How can you tell the difference between a good and a bad actor in the financial content creation – blogging, podcasting, and vlogging – space?
Reader, it’s hard.
Today, in service of both my readers and other creators, I’m going to talk in-depth about the issue of ethics in financial content creators. And rather than just discuss the problem, I’ve taken the time to create a solution.
Whatever the problem, be part of the solution. Don’t just sit around raising questions and pointing out obstacles.Tina Fey
Frankly, I don’t often “blog about blogging” because, as a writer, my mission is not to help you build your own award-winning blog. I’m not here to tell you how to be featured on CNBC, Marketwatch, Yahoo Finance, MSN, and Business Insider like I have.
My mission is simple – to help people with their money, work, and frugal family life to ultimately reach financial freedom, while having fun along the way. There are other great resources if you want to learn how to build a blog.
I’ve made an exception today because I feel strongly about ethics. I spoke briefly on the topic at FinCon, and want to dive deeper today.
If you’re a content creator: I ask you to read on, and ultimately to pledge to follow these standards.
If you’re a reader: I ask you to read today’s article, and become a more critical financial content consumer. Ask yourself if the content creators you follow are following these simple standards. And if you also feel strongly about ethics, please share today’s article with others.
Ethics and Financial Content Creation
I’ve been an avid financial blog reader for years (and years) before I started this site two years ago. As a reader, I never really gave a thought to how I could tell a good actor from a bad one. If I enjoyed the blog, I would read it. If I didn’t enjoy it, I would stop. Typically the blogs I like to read are either (1) based on compelling personal stories, or (2) full of technical, heavily researched articles.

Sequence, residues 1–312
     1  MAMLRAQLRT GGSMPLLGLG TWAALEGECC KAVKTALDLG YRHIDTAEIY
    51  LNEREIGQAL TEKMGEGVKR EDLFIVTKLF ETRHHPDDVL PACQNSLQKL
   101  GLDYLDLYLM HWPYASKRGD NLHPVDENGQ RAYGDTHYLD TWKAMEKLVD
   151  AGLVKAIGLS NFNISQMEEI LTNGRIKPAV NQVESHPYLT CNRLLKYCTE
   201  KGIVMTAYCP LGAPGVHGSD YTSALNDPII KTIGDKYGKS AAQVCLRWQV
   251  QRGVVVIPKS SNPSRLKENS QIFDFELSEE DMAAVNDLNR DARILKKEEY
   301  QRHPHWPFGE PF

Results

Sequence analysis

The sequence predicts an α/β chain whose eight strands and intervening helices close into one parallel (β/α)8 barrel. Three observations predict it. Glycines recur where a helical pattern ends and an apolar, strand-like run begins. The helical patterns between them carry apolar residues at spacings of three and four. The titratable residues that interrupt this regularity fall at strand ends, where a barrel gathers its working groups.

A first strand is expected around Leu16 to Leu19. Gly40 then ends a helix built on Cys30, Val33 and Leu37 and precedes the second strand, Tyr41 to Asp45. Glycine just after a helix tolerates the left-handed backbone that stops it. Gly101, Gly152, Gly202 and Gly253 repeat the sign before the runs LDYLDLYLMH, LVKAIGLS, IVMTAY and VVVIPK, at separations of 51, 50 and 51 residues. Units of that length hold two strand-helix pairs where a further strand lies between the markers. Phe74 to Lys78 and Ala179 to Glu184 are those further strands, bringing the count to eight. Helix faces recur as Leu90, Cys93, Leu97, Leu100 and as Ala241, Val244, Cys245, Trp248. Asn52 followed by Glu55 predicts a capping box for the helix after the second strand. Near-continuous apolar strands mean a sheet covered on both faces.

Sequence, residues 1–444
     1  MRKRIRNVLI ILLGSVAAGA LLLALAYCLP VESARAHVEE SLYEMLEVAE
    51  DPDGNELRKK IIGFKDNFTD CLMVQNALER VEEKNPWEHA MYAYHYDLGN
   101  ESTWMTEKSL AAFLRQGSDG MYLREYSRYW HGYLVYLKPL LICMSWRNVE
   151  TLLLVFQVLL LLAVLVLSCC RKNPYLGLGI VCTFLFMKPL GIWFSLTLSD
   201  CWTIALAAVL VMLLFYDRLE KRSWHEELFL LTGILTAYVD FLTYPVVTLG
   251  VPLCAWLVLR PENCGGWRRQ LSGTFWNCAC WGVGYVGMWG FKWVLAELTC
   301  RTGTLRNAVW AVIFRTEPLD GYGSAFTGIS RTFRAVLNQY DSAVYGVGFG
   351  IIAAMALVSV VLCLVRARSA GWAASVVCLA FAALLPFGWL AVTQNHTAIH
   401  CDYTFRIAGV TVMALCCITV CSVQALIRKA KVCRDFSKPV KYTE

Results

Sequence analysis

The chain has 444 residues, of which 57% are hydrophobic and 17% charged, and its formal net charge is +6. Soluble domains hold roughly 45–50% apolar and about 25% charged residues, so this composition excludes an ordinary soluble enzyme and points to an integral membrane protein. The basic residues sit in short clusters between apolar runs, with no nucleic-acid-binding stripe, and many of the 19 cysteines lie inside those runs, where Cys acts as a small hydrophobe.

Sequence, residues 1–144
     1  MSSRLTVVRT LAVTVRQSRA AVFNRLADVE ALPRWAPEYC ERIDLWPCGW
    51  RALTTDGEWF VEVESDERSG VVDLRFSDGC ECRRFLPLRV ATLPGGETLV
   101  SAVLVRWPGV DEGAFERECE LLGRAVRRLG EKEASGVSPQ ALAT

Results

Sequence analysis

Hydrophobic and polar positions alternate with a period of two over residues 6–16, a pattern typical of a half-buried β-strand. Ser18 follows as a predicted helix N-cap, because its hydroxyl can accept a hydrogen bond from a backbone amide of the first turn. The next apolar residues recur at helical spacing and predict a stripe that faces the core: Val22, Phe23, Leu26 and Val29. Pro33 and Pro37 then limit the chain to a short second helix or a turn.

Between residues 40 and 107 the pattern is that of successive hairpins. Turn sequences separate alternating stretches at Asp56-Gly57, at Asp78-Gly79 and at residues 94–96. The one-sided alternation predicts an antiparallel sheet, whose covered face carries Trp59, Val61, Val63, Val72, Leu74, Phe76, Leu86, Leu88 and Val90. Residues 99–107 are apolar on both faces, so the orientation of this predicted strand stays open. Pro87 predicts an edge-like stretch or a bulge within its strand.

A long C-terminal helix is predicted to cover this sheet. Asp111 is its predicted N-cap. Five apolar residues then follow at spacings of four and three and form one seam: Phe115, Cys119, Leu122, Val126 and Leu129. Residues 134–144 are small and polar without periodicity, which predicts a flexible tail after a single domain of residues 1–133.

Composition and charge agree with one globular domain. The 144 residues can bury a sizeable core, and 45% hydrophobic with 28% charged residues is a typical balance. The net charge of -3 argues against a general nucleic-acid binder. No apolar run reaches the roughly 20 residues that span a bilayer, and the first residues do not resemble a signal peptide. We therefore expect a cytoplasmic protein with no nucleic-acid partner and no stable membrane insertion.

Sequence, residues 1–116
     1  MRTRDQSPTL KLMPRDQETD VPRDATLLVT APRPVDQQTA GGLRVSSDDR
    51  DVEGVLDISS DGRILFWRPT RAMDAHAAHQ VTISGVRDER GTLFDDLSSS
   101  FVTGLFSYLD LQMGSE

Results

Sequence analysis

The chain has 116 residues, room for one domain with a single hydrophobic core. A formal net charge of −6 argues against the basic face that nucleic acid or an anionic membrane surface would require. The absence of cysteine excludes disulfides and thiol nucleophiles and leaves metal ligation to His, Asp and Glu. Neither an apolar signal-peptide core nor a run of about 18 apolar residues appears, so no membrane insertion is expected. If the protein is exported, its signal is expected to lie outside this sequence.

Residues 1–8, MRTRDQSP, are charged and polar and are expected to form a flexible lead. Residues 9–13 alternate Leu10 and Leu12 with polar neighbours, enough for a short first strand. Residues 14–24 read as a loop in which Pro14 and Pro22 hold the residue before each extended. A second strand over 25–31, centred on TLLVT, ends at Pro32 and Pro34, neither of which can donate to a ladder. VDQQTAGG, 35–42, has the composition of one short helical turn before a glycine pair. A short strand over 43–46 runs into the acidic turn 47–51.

I never gave a thought to their ethics, or ethical standards of blogging. Why would I? I enjoyed all this free content. It kept me entertained, educated me, and helped me in my financial path. I was grateful for all these strangers on the internet that spent so much time creating helpful information for me to consume.
The past two years, as a writer and blogger myself, I’ve had the opportunity to dive deep into the financial blogging space. I’ve met some amazing, compelling, passionate people I never would have found otherwise. Folks who will stop at nothing to accomplish their mission to help others. People with amazing stories, great writers, who take hours and hours out of their free time to write in the service of the greater good.
But I’ve also seen the darker side of financial blogging.
- People who write click-bait articles, designed solely to get eyeballs on their page. They’re not trying to help others. They’re trying to make ad revenue. A related situation is when people use their site to tear down others in a disrespectful way. This is also usually to get clicks and eyeballs.
- People who steal others ideas, paragraphs, images, or even whole articles – without giving credit.
- NOTE: This doesn’t apply to free stock photos, or content that explicitly lets you use it without attribution.
- Those that break the laws in place around promotions and affiliate links. Often accidentally, because they’re not aware the laws exist and what they say. But sometimes intentionally, because you can make more money that way.
- People who flagrantly break the rules of various social media platforms, forums, groups, and so on. Why? Because they can get more traffic that way
- Those that don’t care about accuracy or truthfulness. Perhaps they don’t do any actual research on their articles, relying on hearsay instead. Or they don’t publish corrections if they got something wrong. And lets not forget about people that deliberately spin their stories in a certain way in order to get more followers/eyeballs/clicks, leaving out key details that would totally change the way they’re perceived.
If you’re a financial content creator reading this, you’re likely one of the good actors. After all, why would a bad actor take time to read about ethical standards?
A Lack Of Standard Ethics